It's hard to be able to accurately list which fuel type out of gas and induction would be a better choice as Induction is a more efficient (read here for more information as to why) but will not necessarily be cheaper to run due to the fuel costs in your area. It's likely that an induction would run cheaper due to the less amount of time it spends on in comparison to gas.
Only Use What You Need
This one may sound obvious but most people are guilty of it at one point or another and that is over using the ingredients available. If your cooking a meal you only want to buy and use what will be needed and eaten (unless your purposefully making more for leftover work lunches!)
This can also be extended to the water use for both cooking and using a kettle. When your cooking with water, for example covering vegetables in a pan, then you want to make sure you have enough to cover the food but not excessive amounts more. Putting more in will not only waste the additional water, but it will also take more time to boil it so you will also be wasting more of your gas/electricity too. The same logic can be applied to when your heating up a kettle for your tea or coffee, in an ideal world you would only put enough water in the kettle to fill the cup as anything additional is again wasted energy.
Washing Up - Manual VS Dishwasher?
At first glance you might think that washing up by hand would be more efficient than using a dishwasher, but the opposite is actually more accurate. If you have a full load to be washed then you will find a machine will be able to clean it more efficiently (especially if it has an economy program which you can select) than doing so by hand.
If you use a half load option, the machine become less effective to run as even though it's only cleaning half the load it will consume more than half of the energy & water that a full load will use. This means if you only need to clean a few things and you can't wait until the machine is full, you will likely be better off hand washing them and leaving the dishwasher for a full load.
Use Free Alternatives Wherever Possible
Although this won't be an option that's available too often, it's still something to consider as chances are if there's a free alternative to using an appliance it will be cheaper (obviously) and more energy efficient. An example of this is in the summer using a washing line to dry your clothes instead of a tumble dryer. Free alternatives will possibly have downsides, in this instance it takes longer to dry on the line than in a dryer, so you will need to weigh out the pros/cons and decide if it's worth it for you.
Look After Your Appliances
This applies to most possessions in life and not just appliances, but the better you look after them the better they will work better and more efficient. For instance with an appliance that has a filter, such as a tumble dryer or extractor hood, keeping the filter clean as possible and removing any built up dirt in it will allow it to function closer to it's full capacity.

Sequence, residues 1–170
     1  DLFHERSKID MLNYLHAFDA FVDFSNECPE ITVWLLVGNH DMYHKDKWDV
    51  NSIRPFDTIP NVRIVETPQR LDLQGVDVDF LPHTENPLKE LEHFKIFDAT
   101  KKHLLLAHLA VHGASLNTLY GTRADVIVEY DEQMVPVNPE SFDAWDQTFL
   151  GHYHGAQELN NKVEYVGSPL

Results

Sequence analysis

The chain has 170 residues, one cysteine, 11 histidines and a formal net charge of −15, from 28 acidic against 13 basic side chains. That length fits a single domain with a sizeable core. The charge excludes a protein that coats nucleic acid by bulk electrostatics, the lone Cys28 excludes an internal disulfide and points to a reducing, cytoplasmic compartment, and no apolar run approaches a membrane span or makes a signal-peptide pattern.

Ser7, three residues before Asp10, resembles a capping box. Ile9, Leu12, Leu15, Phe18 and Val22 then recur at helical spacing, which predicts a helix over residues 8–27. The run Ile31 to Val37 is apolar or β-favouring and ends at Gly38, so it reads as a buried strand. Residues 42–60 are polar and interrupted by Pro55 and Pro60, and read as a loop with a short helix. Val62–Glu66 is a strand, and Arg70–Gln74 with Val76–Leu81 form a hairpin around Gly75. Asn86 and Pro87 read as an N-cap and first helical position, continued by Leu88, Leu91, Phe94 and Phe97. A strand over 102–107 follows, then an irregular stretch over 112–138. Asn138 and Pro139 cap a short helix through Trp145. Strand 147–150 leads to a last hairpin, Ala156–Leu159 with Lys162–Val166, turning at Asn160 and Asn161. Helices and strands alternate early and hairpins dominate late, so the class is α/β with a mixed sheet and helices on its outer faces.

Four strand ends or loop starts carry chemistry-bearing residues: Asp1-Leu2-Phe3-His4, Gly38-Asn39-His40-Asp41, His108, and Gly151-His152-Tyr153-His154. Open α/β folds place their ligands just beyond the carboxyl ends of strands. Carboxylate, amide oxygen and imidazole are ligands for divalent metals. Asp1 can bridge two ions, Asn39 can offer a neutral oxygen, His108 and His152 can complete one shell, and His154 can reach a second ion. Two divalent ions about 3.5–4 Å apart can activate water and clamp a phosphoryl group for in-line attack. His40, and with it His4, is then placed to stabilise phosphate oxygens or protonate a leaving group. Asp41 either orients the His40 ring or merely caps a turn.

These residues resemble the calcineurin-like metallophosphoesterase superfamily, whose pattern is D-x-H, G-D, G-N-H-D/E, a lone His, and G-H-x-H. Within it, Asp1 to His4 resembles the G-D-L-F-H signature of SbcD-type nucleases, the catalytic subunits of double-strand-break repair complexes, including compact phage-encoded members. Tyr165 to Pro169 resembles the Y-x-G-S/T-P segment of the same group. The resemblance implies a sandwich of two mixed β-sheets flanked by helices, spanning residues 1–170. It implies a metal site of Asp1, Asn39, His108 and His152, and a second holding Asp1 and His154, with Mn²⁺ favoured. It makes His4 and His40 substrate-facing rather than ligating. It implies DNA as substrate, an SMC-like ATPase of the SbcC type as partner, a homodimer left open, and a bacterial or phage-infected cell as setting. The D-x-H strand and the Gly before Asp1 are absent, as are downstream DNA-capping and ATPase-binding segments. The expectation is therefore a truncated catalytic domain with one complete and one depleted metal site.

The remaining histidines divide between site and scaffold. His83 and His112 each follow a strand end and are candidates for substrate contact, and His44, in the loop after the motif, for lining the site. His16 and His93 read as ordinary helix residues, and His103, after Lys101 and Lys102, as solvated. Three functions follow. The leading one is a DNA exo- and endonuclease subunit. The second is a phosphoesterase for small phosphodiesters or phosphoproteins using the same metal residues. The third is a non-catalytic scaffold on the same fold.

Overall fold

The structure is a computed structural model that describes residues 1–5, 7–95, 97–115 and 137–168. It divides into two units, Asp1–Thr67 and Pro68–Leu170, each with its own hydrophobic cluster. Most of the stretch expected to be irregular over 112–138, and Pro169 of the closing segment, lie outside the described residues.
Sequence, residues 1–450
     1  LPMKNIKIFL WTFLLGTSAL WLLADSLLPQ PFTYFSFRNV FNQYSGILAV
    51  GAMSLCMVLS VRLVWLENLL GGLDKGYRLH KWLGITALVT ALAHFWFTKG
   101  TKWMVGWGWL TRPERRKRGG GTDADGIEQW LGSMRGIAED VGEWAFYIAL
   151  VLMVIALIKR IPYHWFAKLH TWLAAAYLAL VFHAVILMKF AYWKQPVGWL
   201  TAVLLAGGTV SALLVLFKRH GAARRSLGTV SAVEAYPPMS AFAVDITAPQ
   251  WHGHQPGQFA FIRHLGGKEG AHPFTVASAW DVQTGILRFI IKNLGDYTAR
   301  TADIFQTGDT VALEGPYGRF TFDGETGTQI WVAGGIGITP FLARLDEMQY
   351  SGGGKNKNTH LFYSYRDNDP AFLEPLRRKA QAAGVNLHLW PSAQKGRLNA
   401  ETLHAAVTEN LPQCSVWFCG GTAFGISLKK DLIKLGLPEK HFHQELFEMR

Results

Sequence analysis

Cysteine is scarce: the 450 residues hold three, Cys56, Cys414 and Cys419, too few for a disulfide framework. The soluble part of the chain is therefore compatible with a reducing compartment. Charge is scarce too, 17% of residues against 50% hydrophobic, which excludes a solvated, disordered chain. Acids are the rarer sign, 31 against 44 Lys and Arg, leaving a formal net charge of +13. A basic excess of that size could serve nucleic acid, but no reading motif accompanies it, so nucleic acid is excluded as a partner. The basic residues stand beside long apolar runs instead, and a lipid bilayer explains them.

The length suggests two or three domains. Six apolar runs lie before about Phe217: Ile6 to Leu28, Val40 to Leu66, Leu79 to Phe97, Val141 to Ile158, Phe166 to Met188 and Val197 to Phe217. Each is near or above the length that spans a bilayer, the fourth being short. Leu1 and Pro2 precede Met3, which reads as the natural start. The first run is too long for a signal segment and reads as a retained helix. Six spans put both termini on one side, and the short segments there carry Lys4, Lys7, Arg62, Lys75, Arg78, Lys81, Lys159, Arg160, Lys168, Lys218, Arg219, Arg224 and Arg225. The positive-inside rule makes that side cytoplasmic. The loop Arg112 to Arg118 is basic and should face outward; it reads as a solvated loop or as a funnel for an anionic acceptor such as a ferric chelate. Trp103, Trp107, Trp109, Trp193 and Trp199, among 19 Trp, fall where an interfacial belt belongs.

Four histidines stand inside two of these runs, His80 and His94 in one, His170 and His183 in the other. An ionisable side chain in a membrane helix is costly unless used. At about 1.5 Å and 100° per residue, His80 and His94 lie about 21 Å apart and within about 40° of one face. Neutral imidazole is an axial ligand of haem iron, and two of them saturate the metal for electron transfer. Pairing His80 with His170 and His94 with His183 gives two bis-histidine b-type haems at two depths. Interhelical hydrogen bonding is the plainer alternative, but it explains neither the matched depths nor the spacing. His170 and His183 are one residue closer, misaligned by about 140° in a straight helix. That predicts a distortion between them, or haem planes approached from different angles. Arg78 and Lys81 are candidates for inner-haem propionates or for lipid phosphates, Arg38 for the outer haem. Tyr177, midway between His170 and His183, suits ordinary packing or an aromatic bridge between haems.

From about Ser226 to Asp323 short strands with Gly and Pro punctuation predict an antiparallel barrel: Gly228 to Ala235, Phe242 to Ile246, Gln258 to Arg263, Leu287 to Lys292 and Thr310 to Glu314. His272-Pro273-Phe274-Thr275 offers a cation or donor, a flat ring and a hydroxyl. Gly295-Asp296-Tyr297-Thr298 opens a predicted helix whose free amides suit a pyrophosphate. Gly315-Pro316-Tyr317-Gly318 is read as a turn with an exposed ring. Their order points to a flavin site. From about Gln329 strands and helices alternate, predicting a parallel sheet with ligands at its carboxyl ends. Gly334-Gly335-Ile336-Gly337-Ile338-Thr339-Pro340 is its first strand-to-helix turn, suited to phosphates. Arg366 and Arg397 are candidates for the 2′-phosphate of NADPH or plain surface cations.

Sealing Up Vent Space
Speaking of extractors and tumble dryers, if you have them set up in a vented extraction mode using ducting, you will want to be sure that the area around the rim of the vent is sealed up and fits snug against the wall. If not there is a possibility for air to sneak in to the house and even though this won't directly impact your kitchen appliances, it can cause it to be cooler than it should be leading you to need the heating on more.
Switching Off Standby
Although leaving 1 appliance on standby all year when not in use won't run you up much of an additional bill, when you factor the amount of appliances you keep on standby at any 1 time (both in and out of the kitchen) it becomes easy to see how it can end up costing you quite a bit. A study by the Energy Saving Trust called 'Powering The Nation' has revealed than on average a UK household spends between £50-£85 on appliances in a standby state. This does take in to account all types of appliances and not just ones in the kitchen, but it makes it easy to see how just doing something simple like turning off your appliances instead of keeping them on standby can save money. After all, who really ever pays attention to the clock on your microwave anyway?
Sometimes, You Gotta Spend Money To Save Money
Unfortunately, for those who are trying to save as much money as possible, you may find that in the long run a good way to save money is to invest in good tools/appliances. This could cover buying high quality knives which you can sharpen yourself and won't dull as easy all the way up to splashing out a bit more on your washing machine to make sure you get one with all the energy saving features you need.